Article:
Cheryl Landers can easily add a Louisiana entree to her LaTour, Missouri table any day of the week. “I brown the meat, cut up veggies and measure spices the night before, and then assemble and start it cooking the next morning,” she pens. “When I get home, I make the rice…and dinner is served!”
I love anything with Cajun spices, so I came up with this slow-cooker jambalaya that’s just as good as that served in restaurants. If you can’t find Andouille sausage, hot links, smoked sausage or chorizo will also work. I like to serve it with warm cornbread and garnished with sliced green onions. —Jennifer Fulk, Moreno Valley, California
"With sausage, chicken and shrimp plus rice, a medley of vegetables and the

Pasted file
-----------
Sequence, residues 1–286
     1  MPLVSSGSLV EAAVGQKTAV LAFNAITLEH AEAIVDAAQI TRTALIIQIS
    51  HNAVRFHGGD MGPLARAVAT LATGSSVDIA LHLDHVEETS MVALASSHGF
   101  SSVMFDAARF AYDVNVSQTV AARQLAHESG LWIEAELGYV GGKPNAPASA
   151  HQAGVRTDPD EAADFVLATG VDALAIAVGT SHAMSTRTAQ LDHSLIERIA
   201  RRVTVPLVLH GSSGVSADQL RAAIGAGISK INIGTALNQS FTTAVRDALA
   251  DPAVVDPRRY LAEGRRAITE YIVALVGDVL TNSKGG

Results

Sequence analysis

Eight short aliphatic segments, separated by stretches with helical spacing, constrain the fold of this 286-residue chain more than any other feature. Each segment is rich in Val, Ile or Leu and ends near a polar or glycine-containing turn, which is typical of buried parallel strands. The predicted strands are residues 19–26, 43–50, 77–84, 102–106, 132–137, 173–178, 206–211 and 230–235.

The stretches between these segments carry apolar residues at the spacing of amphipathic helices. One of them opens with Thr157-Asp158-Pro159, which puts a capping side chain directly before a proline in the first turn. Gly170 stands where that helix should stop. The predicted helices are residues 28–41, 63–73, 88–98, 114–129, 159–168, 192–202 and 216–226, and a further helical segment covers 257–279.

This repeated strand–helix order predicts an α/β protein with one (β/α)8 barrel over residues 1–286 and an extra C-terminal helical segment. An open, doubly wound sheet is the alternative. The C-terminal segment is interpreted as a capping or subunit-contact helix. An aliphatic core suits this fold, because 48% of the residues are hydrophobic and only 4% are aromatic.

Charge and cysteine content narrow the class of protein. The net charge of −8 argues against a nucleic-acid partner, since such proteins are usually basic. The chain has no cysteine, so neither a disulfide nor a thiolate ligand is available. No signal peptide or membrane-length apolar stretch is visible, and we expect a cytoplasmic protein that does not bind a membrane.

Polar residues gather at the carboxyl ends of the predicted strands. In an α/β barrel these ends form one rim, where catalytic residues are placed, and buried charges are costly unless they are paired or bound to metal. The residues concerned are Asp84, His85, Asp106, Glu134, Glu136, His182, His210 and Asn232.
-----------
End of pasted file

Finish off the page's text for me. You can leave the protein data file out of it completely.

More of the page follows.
'heat' of cayenne, this warming soup is one my husband and I enjoy for dinner many Sunday evenings," relates Debbie Burchette of Summitville, Indiana. "It's wonderful with crusty bread."
My husband and I worked on this recipe together. We make a big pot and freeze it to enjoy all winter long. We sometimes stir in sauteed shrimp for a delicious addition to this stew. —Lisa Nelson, Bluffton, South Carolina
Gumbo is one of dishes that helped make the Creole-Cajun cuisine of Louisiana so famous. We live across the border in Texas and can't get enough of this traditional Cajun version. This recipe calls for seafood, but you could also use chicken, duck or sausage. —Ruth Aubey, San Antonio, Texas